Price  

The cost of the marijuana doctor is another essential guiding factor. Essentially, any physician who charges less than $50 may not be offering legitimate services. Your best bet is to compare rates from different clinics. The charges of all clinics should be within a given range. If one clinic’s charges are extremely low, chances are you can get a fake card. On the other hand, if the costs are way up, you might be exploited to get a card that should cost less. 

Make sure your doctor is legit

Final thoughts  

Hello to everyone..! Thanks for dropping by CBDtesters.co, the #1 internet source for cannabis and psychedelics-related news, offering up current and relevant stories from the industry today. Join us daily to stay on top of the fast-paced universe of legal drugs and industrial hemp, and remember to sign up for The THC Weekly Newsletterso you never miss a single thing. 

Disclaimer: Hi, I’m a researcher and writer. I’m not a doctor, lawyer, or businessperson. All information in my articles is sourced and referenced, and all opinions stated are mine. I am not giving anyone advice, and though I am more than happy to discuss topics, should someone have a further question or concern, they should seek guidance from a relevant professional.

The post Don’t Get Ripped Off with a Fake Medical Cannabis Card  appeared first on CBD Testers.

Episode 391 – Supply Chain Disruptions Hit Cannabis

Ben Larson joins host Heather Sullivan to talk about the recently announced breakup of drinks giant AB InBev and Canadian marijuana producer Tilray, some of the science behind marijuana drinks and edibles, and the ongoing supply chain disruption to the marijuana industry. Produced by Shea Gunther.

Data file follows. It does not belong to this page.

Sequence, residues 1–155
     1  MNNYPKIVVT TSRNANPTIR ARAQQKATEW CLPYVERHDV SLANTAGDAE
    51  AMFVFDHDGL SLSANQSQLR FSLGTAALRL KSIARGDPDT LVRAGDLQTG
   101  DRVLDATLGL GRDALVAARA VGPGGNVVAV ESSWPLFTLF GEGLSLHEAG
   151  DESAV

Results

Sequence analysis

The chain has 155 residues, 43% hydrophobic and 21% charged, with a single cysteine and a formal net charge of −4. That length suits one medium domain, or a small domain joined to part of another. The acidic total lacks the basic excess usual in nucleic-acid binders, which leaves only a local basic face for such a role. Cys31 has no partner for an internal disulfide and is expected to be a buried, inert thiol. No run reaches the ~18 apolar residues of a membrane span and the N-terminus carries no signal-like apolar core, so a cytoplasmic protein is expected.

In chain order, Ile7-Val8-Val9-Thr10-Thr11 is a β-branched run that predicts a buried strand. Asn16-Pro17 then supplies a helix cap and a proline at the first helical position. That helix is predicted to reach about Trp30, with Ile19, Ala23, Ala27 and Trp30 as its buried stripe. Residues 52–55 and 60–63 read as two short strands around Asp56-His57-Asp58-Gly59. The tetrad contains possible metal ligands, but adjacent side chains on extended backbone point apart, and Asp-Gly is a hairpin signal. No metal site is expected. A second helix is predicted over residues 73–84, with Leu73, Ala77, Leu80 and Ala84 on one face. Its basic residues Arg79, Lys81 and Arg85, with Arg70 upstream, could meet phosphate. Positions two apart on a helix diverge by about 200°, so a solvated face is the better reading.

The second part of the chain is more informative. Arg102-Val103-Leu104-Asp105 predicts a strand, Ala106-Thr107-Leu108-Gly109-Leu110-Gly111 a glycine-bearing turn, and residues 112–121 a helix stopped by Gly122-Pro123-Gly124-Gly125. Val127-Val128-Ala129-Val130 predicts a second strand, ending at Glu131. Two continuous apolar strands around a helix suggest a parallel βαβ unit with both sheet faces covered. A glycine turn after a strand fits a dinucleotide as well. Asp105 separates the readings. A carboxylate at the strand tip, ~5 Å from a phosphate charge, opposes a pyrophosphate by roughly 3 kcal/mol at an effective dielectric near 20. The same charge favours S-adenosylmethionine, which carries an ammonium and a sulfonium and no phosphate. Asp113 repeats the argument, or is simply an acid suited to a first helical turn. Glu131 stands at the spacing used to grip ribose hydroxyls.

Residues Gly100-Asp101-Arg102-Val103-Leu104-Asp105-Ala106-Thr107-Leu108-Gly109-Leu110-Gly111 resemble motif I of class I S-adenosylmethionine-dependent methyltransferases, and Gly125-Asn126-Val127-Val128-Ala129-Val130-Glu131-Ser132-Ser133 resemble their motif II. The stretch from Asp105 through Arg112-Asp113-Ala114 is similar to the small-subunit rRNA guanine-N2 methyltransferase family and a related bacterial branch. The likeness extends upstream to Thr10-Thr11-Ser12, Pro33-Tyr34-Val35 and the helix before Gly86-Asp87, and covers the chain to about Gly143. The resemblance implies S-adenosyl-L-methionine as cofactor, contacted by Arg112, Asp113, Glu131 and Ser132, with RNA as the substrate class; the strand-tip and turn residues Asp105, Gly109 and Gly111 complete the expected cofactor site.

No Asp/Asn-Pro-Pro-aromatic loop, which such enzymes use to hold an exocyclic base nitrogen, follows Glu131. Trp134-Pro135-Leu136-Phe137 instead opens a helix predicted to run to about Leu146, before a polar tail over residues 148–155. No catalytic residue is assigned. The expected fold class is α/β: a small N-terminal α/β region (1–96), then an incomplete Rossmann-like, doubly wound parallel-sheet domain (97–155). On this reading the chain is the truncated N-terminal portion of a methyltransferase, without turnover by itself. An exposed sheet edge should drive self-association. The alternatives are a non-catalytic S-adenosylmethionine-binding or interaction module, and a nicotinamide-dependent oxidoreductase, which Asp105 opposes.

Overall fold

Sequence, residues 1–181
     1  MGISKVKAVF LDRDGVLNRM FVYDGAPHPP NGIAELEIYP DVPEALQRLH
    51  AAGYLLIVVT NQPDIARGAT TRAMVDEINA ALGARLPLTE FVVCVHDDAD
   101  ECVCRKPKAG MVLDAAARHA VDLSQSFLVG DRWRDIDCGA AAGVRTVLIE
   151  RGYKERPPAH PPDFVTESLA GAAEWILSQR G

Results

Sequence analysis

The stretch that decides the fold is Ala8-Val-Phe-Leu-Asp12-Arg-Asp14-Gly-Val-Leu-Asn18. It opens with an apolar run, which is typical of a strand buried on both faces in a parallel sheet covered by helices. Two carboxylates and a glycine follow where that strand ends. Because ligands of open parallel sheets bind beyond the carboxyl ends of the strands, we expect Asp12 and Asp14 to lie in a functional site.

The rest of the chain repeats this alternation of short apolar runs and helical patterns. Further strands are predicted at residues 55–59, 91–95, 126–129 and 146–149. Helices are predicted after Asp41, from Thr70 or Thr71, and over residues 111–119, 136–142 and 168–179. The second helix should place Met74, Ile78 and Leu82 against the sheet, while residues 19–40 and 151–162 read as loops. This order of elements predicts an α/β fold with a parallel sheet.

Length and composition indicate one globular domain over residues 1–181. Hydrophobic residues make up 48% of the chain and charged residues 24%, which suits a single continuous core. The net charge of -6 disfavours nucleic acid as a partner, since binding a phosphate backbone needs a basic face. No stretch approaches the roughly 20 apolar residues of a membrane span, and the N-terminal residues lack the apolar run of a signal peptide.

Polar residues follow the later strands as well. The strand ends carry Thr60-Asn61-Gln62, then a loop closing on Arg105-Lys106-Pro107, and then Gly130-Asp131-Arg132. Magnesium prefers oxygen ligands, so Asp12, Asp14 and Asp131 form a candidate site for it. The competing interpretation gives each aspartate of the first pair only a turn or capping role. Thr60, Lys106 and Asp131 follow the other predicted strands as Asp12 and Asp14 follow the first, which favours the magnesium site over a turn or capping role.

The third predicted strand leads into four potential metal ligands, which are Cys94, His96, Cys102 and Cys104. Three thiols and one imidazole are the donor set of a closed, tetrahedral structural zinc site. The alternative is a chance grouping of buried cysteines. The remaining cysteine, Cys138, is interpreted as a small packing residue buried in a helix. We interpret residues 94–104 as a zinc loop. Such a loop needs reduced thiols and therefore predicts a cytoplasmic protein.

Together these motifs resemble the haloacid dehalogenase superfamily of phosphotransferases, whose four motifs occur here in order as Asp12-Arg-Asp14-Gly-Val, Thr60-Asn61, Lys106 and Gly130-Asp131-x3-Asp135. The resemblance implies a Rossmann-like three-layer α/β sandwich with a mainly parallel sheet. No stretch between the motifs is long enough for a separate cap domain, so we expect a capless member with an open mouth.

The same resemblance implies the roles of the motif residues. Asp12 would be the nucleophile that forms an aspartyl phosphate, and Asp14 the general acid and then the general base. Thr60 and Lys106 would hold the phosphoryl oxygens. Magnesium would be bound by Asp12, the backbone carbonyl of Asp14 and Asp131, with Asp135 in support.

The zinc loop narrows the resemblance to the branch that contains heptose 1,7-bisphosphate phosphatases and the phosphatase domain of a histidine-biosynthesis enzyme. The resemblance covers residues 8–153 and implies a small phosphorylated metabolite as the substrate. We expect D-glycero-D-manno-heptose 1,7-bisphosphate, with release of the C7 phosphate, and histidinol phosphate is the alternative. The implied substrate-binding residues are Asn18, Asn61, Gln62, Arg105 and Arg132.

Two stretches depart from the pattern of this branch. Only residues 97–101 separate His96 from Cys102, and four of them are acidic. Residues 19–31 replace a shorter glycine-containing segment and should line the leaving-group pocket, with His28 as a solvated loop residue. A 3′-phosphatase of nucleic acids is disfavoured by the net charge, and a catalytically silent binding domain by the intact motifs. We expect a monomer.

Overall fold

Episode 390 – The Hosts Dive In

Hosts Kris Krane, Heather Sullivan, and Ben Larson join fellow host Brian Adams to talk about the lack of federal progress on legalization, how the ‘great resignation’ has touched the cannabis industry, and the end of the DEA monopoly on growing cannabis for legal research. Produced by Shea Gunther.

South Carolina Lawmakers Fight Cannabis Smell Search Law

Catching a whiff of a weed shouldn’t be enough for probable cause, and South Carolina lawmakers want to make sure it no longer is. That’s the thinking behind a bill offered up by a Democratic lawmaker in South Carolina.

State House Representative Deon Tedder “is pushing for a bill where the scent of marijuana alone would not provide law enforcement with reasonable suspicion or probable cause to support a stop, search, seizure or arrest,” according to local television station WSPA.

“The smell alone is not enough to be considered an illegal act because the accused could’ve been around someone who was illegally using marijuana or legally using hemp and both substances smell the same,” Tedder said, as quoted by the station.